Globe and Mail, 2012
My ponytail dripped with stale-smelling oil, liberally poured from a glass jar that once held mango pickles. I was standing in my own hotel shower, naked, and slightly bewildered as a very pleasant, short, brown man with grey hair vigorously scrubbed my armpits, bum and back. He was the massage wallah of Kalimpong. This was my first spa experience.
The day began with a bang – literally – as our Airbus A320 ingested a goose while taking off in Delhi. The great steel bird still managed to lurch into the air. Smoke poured from beneath the right wing. A few people screamed. And on we flew, for almost two hours, eventually making an unscheduled stop in Guwahati, where a bent rotor blade was replaced. Then onward to Darjeeling province and into the Himalayan foothills aboard a Jeep, jolting along rocky roads, past pollution-belching lorries and greening tea plantations.
The sun was low in the sky when we finally reached our upscale hotel, once the home of David Macdonald, a British emissary to Tibet who aided the 13th Dalai Lama’s escape. This vine-covered mansion was, according to a bespectacled Swiss historian in the lobby, “once the biggest nest of spies this side of the Bosporus.” A stopping point for nearly all early travellers in the region, a guest book by the teak doors bore ink-smudged signatures from Heinrich Harrer, George Mallory and Edmund Hillary. The scent of frangipani floated in open patio doors. I peered at faded photographs from another era, sipping chai, when a commotion broke out at the front door.
Shiri, the massage man, had arrived, and my co-guide on the Himalayan photo tour – who had been here before – was delighted.
“Go on, have a massage. Seriously. You’ll love it,” she urged me. Our guests were already tipping back the their second round of cold Kingfisher beers at the bar. There was an hour until dinner. What the heck? It had been a tough day.
As Shiri bolted the door of my room and spread a thin sheet on the hardwood floor, I fidgeted nervously, uncertain what to do next. With a wave, he showed I should lose the clothes. Hesitant, I left my underwear on, but the wallah was not to be disobeyed. Off they came in a flash, along with a ratty collection of necklaces around my neck.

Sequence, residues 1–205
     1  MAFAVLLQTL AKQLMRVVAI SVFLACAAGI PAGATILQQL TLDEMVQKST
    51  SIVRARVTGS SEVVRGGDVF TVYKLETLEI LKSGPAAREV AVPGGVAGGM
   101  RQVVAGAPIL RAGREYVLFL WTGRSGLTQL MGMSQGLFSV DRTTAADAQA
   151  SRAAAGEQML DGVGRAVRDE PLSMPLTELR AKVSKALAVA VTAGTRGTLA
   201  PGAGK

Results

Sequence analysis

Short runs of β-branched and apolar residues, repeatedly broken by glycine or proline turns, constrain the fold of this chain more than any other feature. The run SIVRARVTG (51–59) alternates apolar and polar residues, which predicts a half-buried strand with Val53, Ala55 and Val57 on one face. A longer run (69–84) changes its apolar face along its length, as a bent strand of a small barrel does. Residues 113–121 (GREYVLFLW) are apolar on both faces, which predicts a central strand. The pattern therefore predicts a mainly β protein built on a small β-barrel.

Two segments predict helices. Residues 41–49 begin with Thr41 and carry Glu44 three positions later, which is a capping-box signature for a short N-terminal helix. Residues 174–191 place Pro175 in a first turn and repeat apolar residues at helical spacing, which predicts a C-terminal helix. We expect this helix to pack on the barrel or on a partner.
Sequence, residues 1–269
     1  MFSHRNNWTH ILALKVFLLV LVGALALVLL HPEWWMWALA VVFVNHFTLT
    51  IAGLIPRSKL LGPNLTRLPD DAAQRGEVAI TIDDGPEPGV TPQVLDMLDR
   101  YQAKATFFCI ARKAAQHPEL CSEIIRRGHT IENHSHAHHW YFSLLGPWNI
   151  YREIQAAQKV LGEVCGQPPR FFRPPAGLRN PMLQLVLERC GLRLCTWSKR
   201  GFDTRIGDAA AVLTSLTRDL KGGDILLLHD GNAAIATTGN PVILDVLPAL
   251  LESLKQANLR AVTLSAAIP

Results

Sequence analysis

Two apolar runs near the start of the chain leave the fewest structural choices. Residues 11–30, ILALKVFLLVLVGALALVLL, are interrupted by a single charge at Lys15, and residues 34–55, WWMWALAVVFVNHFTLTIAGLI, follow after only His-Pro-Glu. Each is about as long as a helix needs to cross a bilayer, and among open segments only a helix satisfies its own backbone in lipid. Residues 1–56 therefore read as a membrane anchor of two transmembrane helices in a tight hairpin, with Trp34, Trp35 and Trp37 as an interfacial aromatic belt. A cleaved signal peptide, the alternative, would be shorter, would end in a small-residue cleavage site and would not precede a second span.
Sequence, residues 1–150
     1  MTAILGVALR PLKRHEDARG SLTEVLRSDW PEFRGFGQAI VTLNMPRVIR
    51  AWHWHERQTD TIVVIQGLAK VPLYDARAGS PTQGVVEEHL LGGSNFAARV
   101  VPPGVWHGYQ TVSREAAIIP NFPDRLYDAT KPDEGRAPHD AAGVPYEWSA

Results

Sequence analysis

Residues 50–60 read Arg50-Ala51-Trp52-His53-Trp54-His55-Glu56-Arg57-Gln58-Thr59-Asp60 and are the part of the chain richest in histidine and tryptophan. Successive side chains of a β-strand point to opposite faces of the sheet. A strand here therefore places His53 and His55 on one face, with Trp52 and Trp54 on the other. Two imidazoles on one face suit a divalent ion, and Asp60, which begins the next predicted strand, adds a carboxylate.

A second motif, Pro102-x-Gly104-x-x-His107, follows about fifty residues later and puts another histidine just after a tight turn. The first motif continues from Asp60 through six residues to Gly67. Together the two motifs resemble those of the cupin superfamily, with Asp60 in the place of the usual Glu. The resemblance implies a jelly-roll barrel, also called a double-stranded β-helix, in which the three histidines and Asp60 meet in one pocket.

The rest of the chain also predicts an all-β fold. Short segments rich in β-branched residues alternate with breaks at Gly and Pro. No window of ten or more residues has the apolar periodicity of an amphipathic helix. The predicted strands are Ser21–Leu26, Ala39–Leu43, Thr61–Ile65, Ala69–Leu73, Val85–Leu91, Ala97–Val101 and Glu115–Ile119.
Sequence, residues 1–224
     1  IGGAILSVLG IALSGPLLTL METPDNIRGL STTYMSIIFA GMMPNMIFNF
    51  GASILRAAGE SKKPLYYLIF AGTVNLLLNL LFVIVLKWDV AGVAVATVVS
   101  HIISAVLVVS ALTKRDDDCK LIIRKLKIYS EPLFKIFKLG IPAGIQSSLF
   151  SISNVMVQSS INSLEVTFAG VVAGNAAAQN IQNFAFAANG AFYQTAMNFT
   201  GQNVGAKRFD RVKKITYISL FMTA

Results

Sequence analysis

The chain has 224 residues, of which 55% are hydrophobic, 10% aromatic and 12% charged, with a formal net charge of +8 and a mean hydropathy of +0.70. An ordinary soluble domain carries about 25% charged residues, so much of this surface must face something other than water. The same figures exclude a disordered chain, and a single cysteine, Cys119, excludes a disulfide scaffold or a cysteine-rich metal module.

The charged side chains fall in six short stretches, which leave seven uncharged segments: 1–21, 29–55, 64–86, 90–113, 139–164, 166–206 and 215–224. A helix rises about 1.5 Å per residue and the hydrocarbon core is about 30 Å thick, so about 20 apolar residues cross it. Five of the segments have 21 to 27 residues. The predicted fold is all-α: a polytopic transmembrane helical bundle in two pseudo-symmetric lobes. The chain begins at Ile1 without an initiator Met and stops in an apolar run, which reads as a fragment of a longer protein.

Then Shiri handed me a tattered, oil-stained book. The first page read: “I specialize in following parts – head, sinus, thighs, chest, full body, half body. I can heal twisted ankles and sinus.” Great. The remainder was filled with glowing endorsements from earlier clientele.
I lay face down on the sheet. Shiri began by hammering on every bony protrusion from my neck to my ankle, muttering with concern. He dug into muscles, yanked joints in directions they were never meant to go, and eventually retrieved a plastic shopping bag with seven dirty bottles of oil. One after another, these were poured over me like a sundae. Much slapping, smacking and rat-a-tat finger-whapping ensued. When Shiri began to pour oil in my hair, I protested, but he silenced the uprising, proceeding to use my oil-drenched ponytail as a whip across shoulders and back.
“Front side,” he eventually nodded, giving a motion like flipping a burger. This was it, the point of no return. I contemplated folding, feigning fatigue or some other excuse, but an overriding belief in suspending judgment and experiencing everything possible while on the road pushed me forward.
Shiri retrieved a tiny perfumed bottle, depositing a few drips in my belly button, throwing a splash across my chest, and then emptying the remains on my crotch. As he traced ticklish circles on my belly, an overwhelming dread of what might come gripped me. I didn’t have to wait long. Following a few kicks to the hips, Shiri grabbed the goods, moved everything to one side, and massaged the opposite thigh. Okay, it was mildly unsettling to have a strange man haul the twig and berries aside, no matter what the cause, but really, it didn’t seem too bad. I relaxed, which was a mistake.
Soon Shiri was focused on the penis, slapping it back and forth like a soft whip. I had to bite the sheet to stop from laughing. I fought, with all my might, an urge to jump up and run from the room. Finally, in a move that to this day still baffles me for its therapeutic advantage, Shiri used the heel of his palm to grind everything in the crotch region into a pancake. In the dizzying minutes ahead, he picked wax from my ears and rubbed it into my cheeks, apparently tried to pop my eyes from the sockets and finished with a flying crosscheck to my neck.
Then off to the shower, where he diligently cleaned the rancid oil from my body. A quick signature in his book, a beer at the bar, and then Shiri was gone. He had evening appointments, where he would continue to practise the tradition and lineage he was born into, the art of massage, a skill that his father learned from his grandfather, and so on, back through the centuries.
The days ahead held spectacular views of Kanchenjunga, tours of dazzling orchid plantations, ancient monasteries and silent monks, but it is Shiri I remember most vividly, even a decade later. I must confess though, I have not visited a spa since. Once was enough.
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